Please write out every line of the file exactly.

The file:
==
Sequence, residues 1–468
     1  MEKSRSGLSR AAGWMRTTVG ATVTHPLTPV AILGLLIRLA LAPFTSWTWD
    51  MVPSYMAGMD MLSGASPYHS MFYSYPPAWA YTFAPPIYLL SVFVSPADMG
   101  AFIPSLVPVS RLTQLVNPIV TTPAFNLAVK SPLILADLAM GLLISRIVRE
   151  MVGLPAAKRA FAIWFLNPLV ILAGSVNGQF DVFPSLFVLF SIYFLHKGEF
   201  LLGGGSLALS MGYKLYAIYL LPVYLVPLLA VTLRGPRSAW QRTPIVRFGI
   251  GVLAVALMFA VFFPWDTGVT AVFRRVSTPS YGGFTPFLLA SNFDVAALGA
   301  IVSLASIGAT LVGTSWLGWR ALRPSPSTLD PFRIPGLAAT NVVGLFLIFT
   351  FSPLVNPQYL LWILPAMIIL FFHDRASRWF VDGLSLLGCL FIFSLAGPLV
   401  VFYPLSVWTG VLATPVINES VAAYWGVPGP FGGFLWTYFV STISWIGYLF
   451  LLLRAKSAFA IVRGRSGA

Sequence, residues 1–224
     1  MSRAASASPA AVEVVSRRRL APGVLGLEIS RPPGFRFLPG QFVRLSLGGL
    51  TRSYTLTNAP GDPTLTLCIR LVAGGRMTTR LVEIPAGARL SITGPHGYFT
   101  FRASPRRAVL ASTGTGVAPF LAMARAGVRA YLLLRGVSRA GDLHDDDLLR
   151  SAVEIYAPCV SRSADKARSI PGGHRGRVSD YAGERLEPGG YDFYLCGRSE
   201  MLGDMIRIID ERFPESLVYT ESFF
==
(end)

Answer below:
Sequence, residues 1–468
     1  MEKSRSGLSR AAGWMRTTVG ATVTHPLTPV AILGLLIRLA LAPFTSWTWD
    51  MVPSYMAGMD MLSGASPYHS MFYSYPPAWA YTFAPPIYLL SVFVSPADMG
   101  AFIPSLVPVS RLTQLVNPIV TTPAFNLAVK SPLILADLAM GLLISRIVRE
   151  MVGLPAAKRA FAIWFLNPLV ILAGSVNGQF DVFPSLFVLF SIYFLHKGEF
   201  LLGGGSLALS MGYKLYAIYL LPVYLVPLLA VTLRGPRSAW QRTPIVRFGI
   251  GVLAVALMFA VFFPWDTGVT AVFRRVSTPS YGGFTPFLLA SNFDVAALGA
   301  IVSLASIGAT LVGTSWLGWR ALRPSPSTLD PFRIPGLAAT NVVGLFLIFT
   351  FSPLVNPQYL LWILPAMIIL FFHDRASRWF VDGLSLLGCL FIFSLAGPLV
   401  VFYPLSVWTG VLATPVINES VAAYWGVPGP FGGFLWTYFV STISWIGYLF
   451  LLLRAKSAFA IVRGRSGA

Sequence, residues 1–224
     1  MSRAASASPA AVEVVSRRRL APGVLGLEIS RPPGFRFLPG QFVRLSLGGL
    51  TRSYTLTNAP GDPTLTLCIR LVAGGRMTTR LVEIPAGARL SITGPHGYFT
   101  FRASPRRAVL ASTGTGVAPF LAMARAGVRA YLLLRGVSRA GDLHDDDLLR
   151  SAVEIYAPCV SRSADKARSI PGGHRGRVSD YAGERLEPGG YDFYLCGRSE
   201  MLGDMIRIID ERFPESLVYT ESFF